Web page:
Witnessing or coming across an accident on the road can be scary and dangerous. Here’s how to handle an emergency or accident if you’re a bystander.
Looking after your own safety is imperative if you come across an accident, says Arrive Alive, and there are things you can do to not only protect yourself, but to help others if possible.
ER24 has the following tips for if you witness or are a bystander at an accident.
• Pull your vehicle over and park in a safe position off the road.
• Turn on your hazard lights and headlights.
• If the accident is on a blind rise or bend, parking your vehicle back from the accident in a ‘fend-off’ position so vehicles see the accident scene may help prevent further accidents.
• Put out your warning triangles if you have them.
• Phone emergency services such as ER24 on 084 124, or Netcare 911 on 082 911. You will need to tell the operator your telephone number (to remain in contact if your phone is cut off), your location and details of what happened.
If you know first aid and have a first aid kit, you can help the injured if you choose. Put on the rubber gloves that are inside the kit.
Calm and reassure the people that have been involved in the accident. Make them aware you have called the emergency services and that help is on the way. This may be the only thing and the most important thing you can do to help someone involved in an accident.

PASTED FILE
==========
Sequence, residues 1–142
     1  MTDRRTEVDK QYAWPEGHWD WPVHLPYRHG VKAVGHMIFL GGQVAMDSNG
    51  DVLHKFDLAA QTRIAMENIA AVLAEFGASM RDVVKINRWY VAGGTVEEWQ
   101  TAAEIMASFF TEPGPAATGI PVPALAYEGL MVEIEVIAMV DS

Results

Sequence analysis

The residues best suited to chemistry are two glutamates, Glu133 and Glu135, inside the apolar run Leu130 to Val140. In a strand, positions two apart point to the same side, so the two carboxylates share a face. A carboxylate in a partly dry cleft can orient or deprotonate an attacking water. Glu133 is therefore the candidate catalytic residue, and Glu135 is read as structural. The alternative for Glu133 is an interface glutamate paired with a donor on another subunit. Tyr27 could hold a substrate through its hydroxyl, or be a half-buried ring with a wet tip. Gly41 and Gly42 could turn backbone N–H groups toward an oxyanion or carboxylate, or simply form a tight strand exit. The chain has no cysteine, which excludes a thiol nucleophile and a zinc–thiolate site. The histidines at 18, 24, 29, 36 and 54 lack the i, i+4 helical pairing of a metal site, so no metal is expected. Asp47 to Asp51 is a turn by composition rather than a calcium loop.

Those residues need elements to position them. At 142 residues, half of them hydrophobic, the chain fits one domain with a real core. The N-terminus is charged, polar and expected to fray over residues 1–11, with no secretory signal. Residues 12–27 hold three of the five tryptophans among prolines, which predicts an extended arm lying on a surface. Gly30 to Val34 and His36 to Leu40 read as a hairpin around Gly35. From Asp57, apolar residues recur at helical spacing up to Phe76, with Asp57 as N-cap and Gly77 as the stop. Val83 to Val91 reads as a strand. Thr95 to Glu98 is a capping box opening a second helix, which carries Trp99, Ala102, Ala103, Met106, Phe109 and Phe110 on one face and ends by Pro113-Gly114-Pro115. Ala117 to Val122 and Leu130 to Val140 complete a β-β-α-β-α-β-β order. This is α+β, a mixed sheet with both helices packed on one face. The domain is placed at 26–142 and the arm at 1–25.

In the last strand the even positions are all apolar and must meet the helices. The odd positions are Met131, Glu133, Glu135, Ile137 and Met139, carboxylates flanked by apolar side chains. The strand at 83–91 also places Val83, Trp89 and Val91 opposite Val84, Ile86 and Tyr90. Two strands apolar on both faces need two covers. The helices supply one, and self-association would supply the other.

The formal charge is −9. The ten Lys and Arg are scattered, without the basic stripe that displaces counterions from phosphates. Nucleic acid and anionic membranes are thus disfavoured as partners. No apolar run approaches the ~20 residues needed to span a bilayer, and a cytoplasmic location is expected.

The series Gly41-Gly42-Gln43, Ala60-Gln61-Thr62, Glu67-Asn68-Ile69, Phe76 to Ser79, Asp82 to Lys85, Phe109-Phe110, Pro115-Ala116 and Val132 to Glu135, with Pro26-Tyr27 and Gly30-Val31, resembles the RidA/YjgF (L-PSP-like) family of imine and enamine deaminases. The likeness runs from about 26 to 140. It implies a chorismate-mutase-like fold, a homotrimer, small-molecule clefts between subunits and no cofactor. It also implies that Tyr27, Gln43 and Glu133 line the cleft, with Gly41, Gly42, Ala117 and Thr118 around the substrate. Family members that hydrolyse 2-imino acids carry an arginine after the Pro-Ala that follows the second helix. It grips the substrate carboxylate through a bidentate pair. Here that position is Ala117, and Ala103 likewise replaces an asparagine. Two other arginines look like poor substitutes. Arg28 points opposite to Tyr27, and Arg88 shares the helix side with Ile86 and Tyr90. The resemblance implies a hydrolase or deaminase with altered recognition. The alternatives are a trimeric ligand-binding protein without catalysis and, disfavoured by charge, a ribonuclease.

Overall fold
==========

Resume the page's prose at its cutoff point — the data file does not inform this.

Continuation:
The most important principles when helping an accident victim are the following:
• Be safe.Don’t attempt heroics that could threaten your own safety. You are of no use to anyone if you become injured while attempting to help others.
• If there is fire or flames, and you have a fire extinguisher, use it and direct the foam/ water at the base of the flames.
• Do not move the patient or try to remove them from the vehicle unless there is an immediate threat to life, for example the car is on fire and you can’t put it out. There could be an underlying injury to the neck or spine and unnecessary movement could make this worse.
• If the person is unconscious, open their mouth and check there is nothing inside causing obstruction.
• Check if the person is breathing.If the patient is breathing leave them in the position you find them and monitor them regularly.If the patient is not breathing and you’ve been trained to do so, you can begin CPR.
• If a person is bleeding heavily from a wound, take any available material, for example aT-shirt/ gauze from the first aid kit, or grab a towel or blanket, and place it over the open bleeding wound. Then press tightly applying direct pressure to the wound. Maintain that pressure until the emergency services arrive. Do not stop pressing to check if there is continued bleeding or to look at the wound. This procedure may save a person’s life.
Give way to paramedicsand allow them to do their jobs – give them space to drive, park and work.
Protect yourself and others BEFORE an accident
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